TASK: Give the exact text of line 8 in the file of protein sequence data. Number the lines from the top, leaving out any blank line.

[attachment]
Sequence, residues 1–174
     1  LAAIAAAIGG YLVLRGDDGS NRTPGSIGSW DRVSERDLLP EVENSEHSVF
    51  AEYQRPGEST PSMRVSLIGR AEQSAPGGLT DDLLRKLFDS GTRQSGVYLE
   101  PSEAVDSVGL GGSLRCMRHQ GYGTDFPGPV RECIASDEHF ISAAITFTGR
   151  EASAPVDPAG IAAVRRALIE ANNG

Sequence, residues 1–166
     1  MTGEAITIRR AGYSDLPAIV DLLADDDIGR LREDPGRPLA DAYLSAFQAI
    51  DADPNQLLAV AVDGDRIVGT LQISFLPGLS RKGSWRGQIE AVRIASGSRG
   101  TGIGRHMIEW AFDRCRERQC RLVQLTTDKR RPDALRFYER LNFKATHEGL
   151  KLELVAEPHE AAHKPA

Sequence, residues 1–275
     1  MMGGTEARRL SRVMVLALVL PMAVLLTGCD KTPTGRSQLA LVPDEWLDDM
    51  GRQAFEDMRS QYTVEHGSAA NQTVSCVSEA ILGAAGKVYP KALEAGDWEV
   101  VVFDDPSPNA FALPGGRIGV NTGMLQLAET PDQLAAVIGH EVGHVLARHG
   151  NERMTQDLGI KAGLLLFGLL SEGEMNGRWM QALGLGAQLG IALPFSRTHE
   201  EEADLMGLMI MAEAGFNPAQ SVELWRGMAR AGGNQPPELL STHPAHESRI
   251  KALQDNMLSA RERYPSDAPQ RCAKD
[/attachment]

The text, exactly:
    51  DADPNQLLAV AVDGDRIVGT LQISFLPGLS RKGSWRGQIE AVRIASGSRG